Cardiovascular disease (CVD) is associated with many eye diseases, including AMD and glaucoma. The etiology of cardiovascular disease is not completely understood. Yet, a recent review summarizes data supporting the hypothesis that insufficient levels of vitamin D may contribute to the worldwide high prevalence of CVD. (Zittermann A, Schleithoff SS, Koerfer R, Putting cardiovascular disease and vitamin D insufficiency into perspective, Br J Nutr. 2005 Oct;94(4):483-92 )

Juvenile Diabetes

The American Academy of Pediatrics (AAP) announced in October 2008 it has doubled the recommended amount of vitamin D for infants, children, and adolescents. The decision to increase daily dosage is an update of the 2003 AAP initiative that sought to combat childhood rickets, but clear evidence suggests a correlation of juvenile diabetes and latitude, with children in Finland having nearly 400 times the rate of juvenile diabetes compared with children living near the equator.

Obesity, Diabetes and the Metabolic Syndrome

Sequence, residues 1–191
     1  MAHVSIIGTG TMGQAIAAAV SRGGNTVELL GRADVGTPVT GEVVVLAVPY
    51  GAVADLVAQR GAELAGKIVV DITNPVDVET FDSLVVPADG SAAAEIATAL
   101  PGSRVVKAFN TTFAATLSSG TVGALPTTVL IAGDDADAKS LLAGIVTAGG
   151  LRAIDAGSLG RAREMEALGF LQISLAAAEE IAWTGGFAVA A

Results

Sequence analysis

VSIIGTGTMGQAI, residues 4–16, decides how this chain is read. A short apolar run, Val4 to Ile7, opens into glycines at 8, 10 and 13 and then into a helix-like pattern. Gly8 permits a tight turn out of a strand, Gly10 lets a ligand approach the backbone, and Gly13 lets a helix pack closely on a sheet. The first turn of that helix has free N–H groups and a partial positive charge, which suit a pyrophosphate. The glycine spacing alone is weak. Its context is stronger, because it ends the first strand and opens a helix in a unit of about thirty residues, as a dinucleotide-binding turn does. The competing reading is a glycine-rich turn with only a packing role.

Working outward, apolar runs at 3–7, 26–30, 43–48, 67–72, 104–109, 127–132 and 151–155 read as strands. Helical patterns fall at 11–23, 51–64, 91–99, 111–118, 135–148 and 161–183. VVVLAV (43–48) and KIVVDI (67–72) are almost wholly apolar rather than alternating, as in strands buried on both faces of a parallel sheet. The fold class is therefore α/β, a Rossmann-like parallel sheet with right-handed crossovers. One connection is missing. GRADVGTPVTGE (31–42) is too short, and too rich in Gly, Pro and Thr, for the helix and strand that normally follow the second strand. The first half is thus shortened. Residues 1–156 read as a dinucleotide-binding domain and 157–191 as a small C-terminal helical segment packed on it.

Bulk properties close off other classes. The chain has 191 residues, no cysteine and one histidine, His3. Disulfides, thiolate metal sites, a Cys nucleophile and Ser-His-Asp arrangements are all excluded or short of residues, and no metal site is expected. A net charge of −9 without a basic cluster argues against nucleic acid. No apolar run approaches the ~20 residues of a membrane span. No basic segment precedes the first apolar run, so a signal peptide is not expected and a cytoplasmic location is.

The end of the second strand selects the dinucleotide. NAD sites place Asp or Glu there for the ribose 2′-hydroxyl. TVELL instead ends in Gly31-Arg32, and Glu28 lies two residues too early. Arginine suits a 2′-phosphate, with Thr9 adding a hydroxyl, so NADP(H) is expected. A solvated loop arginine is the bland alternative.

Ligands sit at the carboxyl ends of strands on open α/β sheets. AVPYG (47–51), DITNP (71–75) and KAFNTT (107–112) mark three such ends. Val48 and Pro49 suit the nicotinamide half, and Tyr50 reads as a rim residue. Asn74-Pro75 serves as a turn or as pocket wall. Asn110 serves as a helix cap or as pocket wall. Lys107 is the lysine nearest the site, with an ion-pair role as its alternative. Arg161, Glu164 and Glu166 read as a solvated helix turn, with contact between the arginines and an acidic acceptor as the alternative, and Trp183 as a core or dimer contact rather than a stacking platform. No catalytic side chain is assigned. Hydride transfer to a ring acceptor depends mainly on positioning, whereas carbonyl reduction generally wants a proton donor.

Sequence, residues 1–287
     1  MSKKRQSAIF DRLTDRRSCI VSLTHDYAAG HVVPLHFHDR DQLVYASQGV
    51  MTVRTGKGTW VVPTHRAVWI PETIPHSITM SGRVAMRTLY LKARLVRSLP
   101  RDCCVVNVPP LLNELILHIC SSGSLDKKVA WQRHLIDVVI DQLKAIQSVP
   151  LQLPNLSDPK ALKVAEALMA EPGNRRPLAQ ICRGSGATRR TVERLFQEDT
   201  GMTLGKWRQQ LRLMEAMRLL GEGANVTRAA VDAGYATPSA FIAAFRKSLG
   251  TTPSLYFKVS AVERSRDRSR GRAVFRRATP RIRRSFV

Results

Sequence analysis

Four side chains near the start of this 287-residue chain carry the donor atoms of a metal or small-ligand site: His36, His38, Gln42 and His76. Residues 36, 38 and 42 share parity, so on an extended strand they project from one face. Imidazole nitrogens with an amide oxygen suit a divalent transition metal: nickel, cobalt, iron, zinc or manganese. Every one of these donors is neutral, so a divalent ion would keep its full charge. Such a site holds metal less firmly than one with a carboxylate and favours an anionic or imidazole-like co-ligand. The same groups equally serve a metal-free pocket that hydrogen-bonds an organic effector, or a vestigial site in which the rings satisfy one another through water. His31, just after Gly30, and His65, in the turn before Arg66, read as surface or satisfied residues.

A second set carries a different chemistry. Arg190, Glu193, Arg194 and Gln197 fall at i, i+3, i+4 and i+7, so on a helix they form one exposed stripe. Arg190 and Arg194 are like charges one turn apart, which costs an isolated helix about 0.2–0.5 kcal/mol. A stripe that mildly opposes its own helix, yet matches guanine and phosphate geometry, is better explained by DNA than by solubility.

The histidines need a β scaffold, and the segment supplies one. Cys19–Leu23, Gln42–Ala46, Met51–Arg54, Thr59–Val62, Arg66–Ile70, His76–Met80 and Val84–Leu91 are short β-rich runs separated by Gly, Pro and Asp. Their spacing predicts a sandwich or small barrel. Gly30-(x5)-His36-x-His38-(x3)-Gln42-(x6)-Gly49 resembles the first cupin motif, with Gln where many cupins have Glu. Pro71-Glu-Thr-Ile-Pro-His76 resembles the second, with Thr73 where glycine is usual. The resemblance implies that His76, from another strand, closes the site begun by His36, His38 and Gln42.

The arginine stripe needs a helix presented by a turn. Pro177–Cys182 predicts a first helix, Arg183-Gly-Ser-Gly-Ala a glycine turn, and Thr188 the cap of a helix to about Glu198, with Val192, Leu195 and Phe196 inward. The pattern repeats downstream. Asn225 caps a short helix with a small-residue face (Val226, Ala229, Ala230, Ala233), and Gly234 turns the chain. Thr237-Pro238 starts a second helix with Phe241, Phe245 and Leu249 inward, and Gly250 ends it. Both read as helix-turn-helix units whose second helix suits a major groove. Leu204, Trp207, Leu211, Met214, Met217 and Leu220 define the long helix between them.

Vitamin D deficiency is important to pre-diabetic and diabetic adults, as it lowers insulin resistance, or the ability of cells to utilize excess glucose from the bloodstream. As well, vitamin D acts as an immunosuppressant and improves pancreatic function.

Food Sources and Supplementation

There is no substitute for the sunlight-driven process of vitamin D synthesis. As a point of reference, approximately 10,000 IU of vitamin D3 is produced by one hour of midday summer full-body skin exposure for Caucasians living at southern latitudes. Season, latitude, time of day, cloud cover, smog, and applied sunscreen all affect UV B exposure. Sunscreen with a protection factor of 8 or higher blocks vitamin D synthesis.